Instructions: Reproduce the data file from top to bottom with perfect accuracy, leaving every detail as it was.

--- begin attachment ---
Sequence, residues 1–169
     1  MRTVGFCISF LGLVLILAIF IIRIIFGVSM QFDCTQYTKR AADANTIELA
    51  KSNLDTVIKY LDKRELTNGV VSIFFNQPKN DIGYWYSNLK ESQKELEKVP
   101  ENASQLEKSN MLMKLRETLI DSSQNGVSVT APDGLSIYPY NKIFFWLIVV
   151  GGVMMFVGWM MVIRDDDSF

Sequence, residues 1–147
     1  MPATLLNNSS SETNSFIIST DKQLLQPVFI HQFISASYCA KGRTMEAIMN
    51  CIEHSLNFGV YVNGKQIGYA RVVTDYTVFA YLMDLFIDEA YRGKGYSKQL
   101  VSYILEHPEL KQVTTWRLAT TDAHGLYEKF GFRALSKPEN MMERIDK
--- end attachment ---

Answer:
Sequence, residues 1–169
     1  MRTVGFCISF LGLVLILAIF IIRIIFGVSM QFDCTQYTKR AADANTIELA
    51  KSNLDTVIKY LDKRELTNGV VSIFFNQPKN DIGYWYSNLK ESQKELEKVP
   101  ENASQLEKSN MLMKLRETLI DSSQNGVSVT APDGLSIYPY NKIFFWLIVV
   151  GGVMMFVGWM MVIRDDDSF

Sequence, residues 1–147
     1  MPATLLNNSS SETNSFIIST DKQLLQPVFI HQFISASYCA KGRTMEAIMN
    51  CIEHSLNFGV YVNGKQIGYA RVVTDYTVFA YLMDLFIDEA YRGKGYSKQL
   101  VSYILEHPEL KQVTTWRLAT TDAHGLYEKF GFRALSKPEN MMERIDK